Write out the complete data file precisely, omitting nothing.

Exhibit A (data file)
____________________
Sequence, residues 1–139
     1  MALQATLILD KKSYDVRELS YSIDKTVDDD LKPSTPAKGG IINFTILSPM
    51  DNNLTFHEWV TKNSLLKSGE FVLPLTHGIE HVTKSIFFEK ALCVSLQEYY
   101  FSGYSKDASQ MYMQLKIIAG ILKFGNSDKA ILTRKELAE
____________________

Sequence, residues 1–139
     1  MALQATLILD KKSYDVRELS YSIDKTVDDD LKPSTPAKGG IINFTILSPM
    51  DNNLTFHEWV TKNSLLKSGE FVLPLTHGIE HVTKSIFFEK ALCVSLQEYY
   101  FSGYSKDASQ MYMQLKIIAG ILKFGNSDKA ILTRKELAE